Untreated hypothyroidism in pregnancies can lead to [1,6]:
Pregnant people with severe or untreated hyperthyroidism may have problems with their placenta, postpartum hemorrhage (bleeding), congestive heart failure. 
Hypothyroidism can also have severe and life-altering consequences for the fetus. Thyroid hormones are necessary for normal brain development. If pregnant people with hypothyroidism do not receive treatment (replacement of thyroid hormones through medication during pregnancy), their babies may have severe cognitive, neurological, and developmental abnormalities.6 Routine screening of pregnant people’s thyroid hormone levels throughout pregnancy can help safeguard against such devastating consequences of hypothyroidism during pregnancy.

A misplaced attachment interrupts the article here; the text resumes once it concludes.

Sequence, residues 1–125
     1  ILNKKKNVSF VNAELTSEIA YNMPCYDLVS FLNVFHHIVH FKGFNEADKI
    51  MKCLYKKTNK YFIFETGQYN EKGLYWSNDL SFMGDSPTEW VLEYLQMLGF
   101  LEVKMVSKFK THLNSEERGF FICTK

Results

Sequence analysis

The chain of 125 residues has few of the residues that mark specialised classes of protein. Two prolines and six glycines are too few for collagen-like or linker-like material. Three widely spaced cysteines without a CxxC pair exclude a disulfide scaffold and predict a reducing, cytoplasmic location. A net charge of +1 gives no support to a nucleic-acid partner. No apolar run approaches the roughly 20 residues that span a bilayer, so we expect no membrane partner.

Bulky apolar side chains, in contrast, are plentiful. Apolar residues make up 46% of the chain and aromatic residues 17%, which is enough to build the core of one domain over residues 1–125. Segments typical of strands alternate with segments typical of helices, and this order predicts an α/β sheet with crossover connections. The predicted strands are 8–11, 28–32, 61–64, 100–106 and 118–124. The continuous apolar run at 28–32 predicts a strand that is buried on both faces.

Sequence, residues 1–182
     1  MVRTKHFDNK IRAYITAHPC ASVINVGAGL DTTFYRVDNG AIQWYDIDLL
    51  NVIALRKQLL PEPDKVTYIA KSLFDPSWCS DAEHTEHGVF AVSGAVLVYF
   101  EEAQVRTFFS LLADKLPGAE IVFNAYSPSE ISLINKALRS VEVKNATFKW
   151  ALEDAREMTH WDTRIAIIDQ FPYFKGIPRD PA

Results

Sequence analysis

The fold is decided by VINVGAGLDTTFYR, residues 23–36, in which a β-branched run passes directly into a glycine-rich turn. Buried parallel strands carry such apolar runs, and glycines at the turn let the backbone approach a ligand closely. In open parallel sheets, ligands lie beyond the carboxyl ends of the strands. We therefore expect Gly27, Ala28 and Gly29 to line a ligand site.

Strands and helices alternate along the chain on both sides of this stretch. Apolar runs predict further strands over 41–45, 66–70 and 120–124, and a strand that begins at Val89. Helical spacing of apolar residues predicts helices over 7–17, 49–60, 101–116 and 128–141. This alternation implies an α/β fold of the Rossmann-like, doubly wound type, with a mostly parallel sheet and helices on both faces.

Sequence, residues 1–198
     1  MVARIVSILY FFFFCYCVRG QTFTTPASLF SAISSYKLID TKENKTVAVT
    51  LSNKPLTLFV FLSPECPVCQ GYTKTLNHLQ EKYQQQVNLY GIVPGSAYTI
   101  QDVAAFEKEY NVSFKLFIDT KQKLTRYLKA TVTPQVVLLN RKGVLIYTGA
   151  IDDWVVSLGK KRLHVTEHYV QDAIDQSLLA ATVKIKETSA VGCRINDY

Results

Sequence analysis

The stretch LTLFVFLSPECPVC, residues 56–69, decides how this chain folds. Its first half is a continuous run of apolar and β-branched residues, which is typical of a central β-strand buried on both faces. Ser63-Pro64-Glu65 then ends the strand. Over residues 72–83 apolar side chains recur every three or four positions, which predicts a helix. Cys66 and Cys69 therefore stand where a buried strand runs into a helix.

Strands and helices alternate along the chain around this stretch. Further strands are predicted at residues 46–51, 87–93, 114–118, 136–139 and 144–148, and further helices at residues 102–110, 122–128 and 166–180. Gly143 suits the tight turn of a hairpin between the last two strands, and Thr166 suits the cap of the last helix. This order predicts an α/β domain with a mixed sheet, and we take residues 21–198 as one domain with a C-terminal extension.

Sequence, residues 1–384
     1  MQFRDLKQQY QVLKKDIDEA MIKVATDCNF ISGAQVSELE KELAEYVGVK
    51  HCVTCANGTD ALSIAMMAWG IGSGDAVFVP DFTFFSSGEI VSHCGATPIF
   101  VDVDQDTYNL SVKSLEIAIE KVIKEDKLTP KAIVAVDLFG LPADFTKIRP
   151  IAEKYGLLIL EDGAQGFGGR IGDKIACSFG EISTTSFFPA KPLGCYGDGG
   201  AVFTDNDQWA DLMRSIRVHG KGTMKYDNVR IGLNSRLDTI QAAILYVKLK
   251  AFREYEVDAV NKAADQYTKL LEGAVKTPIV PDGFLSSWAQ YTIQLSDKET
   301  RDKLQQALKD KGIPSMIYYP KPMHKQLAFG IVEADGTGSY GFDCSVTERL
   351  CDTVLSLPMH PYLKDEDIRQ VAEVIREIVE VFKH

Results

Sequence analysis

If you’ve had thyroid challenges and want to get pregnant, you likely have many questions. Everlywell is here to answer some of the most common questions those trying to conceive (TTC) have about thyroid health:
Research shows that treating thyroid disorders (either hypo- or hyperthyroidism) improves fertility and results in successful pregnancies. [10, 11] For instance, in a 2012 study of 394 women struggling with hypothyroidism-related infertility, nearly 80% of the participants conceived within one year after starting hypothyroidism treatment. 
Despite this evidence, it’s hard to say how long it will take you to conceive after starting treatment for thyroid disease. Your timeline will likely depend on factors like:
Yes, unfortunately thyroid problems can lead to miscarriage in some cases. [1,6,7] Both hyperthyroidism and hypothyroidism can ultimately lead to pregnancy loss if not correctly untreated.